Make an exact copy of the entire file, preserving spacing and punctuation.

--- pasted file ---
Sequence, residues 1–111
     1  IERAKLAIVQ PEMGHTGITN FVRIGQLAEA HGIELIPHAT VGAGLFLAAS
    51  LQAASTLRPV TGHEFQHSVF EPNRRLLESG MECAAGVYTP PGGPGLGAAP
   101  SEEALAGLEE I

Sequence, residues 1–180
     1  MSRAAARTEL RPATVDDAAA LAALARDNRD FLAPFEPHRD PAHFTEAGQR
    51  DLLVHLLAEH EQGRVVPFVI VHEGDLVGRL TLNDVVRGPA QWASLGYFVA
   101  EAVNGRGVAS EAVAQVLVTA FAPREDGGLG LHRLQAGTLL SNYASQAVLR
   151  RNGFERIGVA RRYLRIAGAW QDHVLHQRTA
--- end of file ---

Sequence, residues 1–111
     1  IERAKLAIVQ PEMGHTGITN FVRIGQLAEA HGIELIPHAT VGAGLFLAAS
    51  LQAASTLRPV TGHEFQHSVF EPNRRLLESG MECAAGVYTP PGGPGLGAAP
   101  SEEALAGLEE I

Sequence, residues 1–180
     1  MSRAAARTEL RPATVDDAAA LAALARDNRD FLAPFEPHRD PAHFTEAGQR
    51  DLLVHLLAEH EQGRVVPFVI VHEGDLVGRL TLNDVVRGPA QWASLGYFVA
   101  EAVNGRGVAS EAVAQVLVTA FAPREDGGLG LHRLQAGTLL SNYASQAVLR
   151  RNGFERIGVA RRYLRIAGAW QDHVLHQRTA